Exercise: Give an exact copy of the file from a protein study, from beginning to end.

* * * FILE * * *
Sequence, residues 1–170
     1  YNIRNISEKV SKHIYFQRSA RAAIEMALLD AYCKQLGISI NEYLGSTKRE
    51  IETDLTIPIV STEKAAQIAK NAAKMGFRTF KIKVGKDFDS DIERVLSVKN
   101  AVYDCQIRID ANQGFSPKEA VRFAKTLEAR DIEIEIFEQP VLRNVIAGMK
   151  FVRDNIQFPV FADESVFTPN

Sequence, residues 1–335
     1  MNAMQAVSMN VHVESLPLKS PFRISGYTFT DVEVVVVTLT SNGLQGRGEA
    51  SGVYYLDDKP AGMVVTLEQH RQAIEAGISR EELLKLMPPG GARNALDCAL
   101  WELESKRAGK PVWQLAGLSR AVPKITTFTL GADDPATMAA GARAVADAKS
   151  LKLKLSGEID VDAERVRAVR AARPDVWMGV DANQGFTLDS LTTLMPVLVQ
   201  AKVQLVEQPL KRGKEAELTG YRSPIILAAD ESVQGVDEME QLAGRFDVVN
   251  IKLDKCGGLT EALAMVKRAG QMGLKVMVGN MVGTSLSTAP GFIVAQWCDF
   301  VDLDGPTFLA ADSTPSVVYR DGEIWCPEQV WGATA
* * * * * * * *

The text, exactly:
Sequence, residues 1–170
     1  YNIRNISEKV SKHIYFQRSA RAAIEMALLD AYCKQLGISI NEYLGSTKRE
    51  IETDLTIPIV STEKAAQIAK NAAKMGFRTF KIKVGKDFDS DIERVLSVKN
   101  AVYDCQIRID ANQGFSPKEA VRFAKTLEAR DIEIEIFEQP VLRNVIAGMK
   151  FVRDNIQFPV FADESVFTPN

Sequence, residues 1–335
     1  MNAMQAVSMN VHVESLPLKS PFRISGYTFT DVEVVVVTLT SNGLQGRGEA
    51  SGVYYLDDKP AGMVVTLEQH RQAIEAGISR EELLKLMPPG GARNALDCAL
   101  WELESKRAGK PVWQLAGLSR AVPKITTFTL GADDPATMAA GARAVADAKS
   151  LKLKLSGEID VDAERVRAVR AARPDVWMGV DANQGFTLDS LTTLMPVLVQ
   201  AKVQLVEQPL KRGKEAELTG YRSPIILAAD ESVQGVDEME QLAGRFDVVN
   251  IKLDKCGGLT EALAMVKRAG QMGLKVMVGN MVGTSLSTAP GFIVAQWCDF
   301  VDLDGPTFLA ADSTPSVVYR DGEIWCPEQV WGATA